When men feel superior to women, empowered by culture and the law, or the lack thereof, violence and bloodshed follow. By the time you finish reading this piece — and every 11 minutes thereafter — a woman will have been killed by someone she knew, even trusted.
A suspect shot and killed an unarmed man in a vehicle outside his house, then claimed it was self-defense. At the heart of this case is the expansion of “Stand Your Ground” laws, which expanded self-defense to public spaces, thus removing the traditional “duty to de-escalate” a conflict.
As I grew up in Pakistan in the 1980s, gun culture was a big deal, as large a presence in society as it is in America. Guns were to men what jewelry was to women. It took the emergence of a real threat to change Pakistan. Can America similarly adapt?
The concept of the Deep State began as something real and tangible: a parallel network of power behind the politics of Turkey. In America, though, it is the realm of conspiracy, seized upon by Trump, the Jan. 6 insurrectionists and QAnon supporters alike.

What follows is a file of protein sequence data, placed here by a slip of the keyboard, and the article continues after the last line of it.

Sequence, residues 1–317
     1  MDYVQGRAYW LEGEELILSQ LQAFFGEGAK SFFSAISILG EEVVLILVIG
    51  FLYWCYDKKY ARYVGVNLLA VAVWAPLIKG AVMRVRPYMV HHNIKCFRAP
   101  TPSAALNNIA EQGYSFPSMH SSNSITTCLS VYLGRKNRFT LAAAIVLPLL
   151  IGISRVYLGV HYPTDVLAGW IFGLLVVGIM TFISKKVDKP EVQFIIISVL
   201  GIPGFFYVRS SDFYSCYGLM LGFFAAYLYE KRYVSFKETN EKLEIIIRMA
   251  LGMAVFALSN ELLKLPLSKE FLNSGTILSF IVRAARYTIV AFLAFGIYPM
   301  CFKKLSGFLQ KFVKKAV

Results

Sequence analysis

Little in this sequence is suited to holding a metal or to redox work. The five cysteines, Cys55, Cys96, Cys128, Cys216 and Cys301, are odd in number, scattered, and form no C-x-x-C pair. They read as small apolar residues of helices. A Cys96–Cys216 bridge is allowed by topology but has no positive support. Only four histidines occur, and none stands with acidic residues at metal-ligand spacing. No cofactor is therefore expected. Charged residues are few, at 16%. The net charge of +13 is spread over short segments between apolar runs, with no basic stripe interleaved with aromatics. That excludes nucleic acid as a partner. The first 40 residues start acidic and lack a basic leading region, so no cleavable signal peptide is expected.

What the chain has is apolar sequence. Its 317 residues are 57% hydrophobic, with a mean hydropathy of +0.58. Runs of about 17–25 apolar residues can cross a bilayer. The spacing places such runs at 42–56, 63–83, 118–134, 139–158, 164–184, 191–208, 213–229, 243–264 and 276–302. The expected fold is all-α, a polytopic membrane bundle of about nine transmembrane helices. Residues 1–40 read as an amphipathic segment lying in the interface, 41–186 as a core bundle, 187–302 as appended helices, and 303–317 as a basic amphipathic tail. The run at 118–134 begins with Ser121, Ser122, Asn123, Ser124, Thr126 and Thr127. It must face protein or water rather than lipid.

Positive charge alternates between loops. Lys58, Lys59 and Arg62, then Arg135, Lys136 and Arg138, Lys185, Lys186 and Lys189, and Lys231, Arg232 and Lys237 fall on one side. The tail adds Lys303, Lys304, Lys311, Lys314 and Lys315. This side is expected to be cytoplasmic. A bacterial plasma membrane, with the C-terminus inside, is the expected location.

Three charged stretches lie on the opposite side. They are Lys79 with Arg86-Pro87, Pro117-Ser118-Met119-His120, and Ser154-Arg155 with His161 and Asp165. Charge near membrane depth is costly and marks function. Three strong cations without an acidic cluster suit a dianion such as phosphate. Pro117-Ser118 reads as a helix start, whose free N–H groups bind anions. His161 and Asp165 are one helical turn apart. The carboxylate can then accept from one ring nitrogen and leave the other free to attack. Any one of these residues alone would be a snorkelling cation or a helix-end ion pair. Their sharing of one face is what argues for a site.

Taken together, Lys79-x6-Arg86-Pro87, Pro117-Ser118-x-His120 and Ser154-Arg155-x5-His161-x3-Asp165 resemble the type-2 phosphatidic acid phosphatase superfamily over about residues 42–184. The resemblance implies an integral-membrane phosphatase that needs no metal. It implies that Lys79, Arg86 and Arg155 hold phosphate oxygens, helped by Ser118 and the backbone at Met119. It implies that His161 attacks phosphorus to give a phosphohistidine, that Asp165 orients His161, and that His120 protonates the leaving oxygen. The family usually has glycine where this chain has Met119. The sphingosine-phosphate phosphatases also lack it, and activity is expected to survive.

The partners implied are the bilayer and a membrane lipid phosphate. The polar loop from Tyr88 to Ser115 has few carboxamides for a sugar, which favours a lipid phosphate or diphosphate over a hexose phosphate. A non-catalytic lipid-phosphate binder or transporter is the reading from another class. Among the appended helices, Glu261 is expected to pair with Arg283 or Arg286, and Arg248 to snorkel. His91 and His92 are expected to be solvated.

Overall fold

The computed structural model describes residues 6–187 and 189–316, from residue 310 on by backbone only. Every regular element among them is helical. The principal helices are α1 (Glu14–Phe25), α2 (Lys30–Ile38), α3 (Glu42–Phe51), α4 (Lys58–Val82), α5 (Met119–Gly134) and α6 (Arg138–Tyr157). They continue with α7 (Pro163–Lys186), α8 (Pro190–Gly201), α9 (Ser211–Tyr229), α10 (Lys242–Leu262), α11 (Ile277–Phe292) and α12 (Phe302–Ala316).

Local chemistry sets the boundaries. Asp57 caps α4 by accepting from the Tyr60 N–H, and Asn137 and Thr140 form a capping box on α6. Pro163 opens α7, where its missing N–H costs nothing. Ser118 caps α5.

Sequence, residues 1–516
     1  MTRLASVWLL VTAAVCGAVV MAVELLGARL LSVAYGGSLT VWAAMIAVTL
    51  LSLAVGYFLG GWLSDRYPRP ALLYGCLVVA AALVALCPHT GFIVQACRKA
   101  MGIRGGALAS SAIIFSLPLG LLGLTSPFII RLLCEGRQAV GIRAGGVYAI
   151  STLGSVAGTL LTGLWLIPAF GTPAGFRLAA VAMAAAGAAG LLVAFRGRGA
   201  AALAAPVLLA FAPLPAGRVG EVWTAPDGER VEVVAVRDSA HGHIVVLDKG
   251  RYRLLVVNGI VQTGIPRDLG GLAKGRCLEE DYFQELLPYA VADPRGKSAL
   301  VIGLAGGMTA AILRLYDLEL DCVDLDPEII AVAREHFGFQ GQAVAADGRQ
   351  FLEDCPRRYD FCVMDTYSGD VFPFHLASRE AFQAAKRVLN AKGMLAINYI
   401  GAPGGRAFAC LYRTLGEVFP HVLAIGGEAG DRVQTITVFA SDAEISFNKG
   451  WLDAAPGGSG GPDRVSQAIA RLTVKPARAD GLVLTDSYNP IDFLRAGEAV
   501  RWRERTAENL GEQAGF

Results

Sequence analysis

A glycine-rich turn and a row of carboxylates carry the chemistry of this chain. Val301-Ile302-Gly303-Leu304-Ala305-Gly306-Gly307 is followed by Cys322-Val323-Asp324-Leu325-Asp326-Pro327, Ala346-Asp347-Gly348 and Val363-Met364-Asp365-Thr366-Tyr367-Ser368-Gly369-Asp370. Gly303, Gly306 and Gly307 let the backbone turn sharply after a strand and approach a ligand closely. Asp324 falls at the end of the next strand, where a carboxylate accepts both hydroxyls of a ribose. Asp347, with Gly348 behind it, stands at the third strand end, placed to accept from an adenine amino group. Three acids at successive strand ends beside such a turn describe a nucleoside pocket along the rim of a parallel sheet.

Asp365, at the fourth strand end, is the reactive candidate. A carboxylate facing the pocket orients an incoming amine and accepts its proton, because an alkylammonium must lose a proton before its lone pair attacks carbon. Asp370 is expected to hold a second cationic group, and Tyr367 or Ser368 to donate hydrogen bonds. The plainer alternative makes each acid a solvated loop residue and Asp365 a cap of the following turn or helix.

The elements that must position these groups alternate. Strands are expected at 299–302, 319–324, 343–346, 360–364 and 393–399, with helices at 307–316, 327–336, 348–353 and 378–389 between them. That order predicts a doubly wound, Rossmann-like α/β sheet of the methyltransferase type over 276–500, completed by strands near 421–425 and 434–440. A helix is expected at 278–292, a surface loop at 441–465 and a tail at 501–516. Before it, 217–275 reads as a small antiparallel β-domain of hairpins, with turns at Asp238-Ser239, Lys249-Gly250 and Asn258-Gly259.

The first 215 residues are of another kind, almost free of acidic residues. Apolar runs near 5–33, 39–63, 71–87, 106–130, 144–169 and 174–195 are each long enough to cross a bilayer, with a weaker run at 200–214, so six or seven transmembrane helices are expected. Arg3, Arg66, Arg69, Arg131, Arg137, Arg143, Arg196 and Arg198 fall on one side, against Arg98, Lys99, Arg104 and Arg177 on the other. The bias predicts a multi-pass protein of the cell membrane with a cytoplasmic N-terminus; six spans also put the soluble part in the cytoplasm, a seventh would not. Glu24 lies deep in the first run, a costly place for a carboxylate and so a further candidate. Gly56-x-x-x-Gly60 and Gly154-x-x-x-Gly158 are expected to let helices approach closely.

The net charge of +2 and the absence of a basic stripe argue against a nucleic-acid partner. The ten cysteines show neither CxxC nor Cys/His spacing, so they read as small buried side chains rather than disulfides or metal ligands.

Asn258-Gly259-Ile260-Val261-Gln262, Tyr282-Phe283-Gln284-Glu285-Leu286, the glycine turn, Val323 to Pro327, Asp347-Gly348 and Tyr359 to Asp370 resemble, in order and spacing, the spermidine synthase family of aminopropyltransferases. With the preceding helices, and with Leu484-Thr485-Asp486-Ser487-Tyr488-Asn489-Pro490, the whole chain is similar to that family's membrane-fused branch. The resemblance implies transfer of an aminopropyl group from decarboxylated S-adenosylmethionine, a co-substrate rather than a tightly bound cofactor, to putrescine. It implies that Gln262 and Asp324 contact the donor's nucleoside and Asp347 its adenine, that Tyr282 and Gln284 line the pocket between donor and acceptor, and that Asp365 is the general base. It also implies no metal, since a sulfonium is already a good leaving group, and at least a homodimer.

Baltimore’s Sandtown-Winchester neighborhood erupted into America’s consciousness with the murder of Freddie Gray by police officers in 2015. But the struggle to recapture the neighborhood’s former glory predate one unhappy Sunday morning – and say much about the attitude of local and national government towards one of the most disadvantaged areas of the country
Western scholarly approaches tend to approach African and Islamic studies in separate lenses: “too Islamic” to be a legitimate subject of study for most anthropologists and Africanists, and “too African” to be of interest to Islamicists, thereby causing African-Muslim scholarly voices to fall through the cracks.
By now everyone is surely an expert on the mud-freeze theory of warfare or whether bombs-away begins halfway through the bobsleigh or snowboarding competition in Beijing.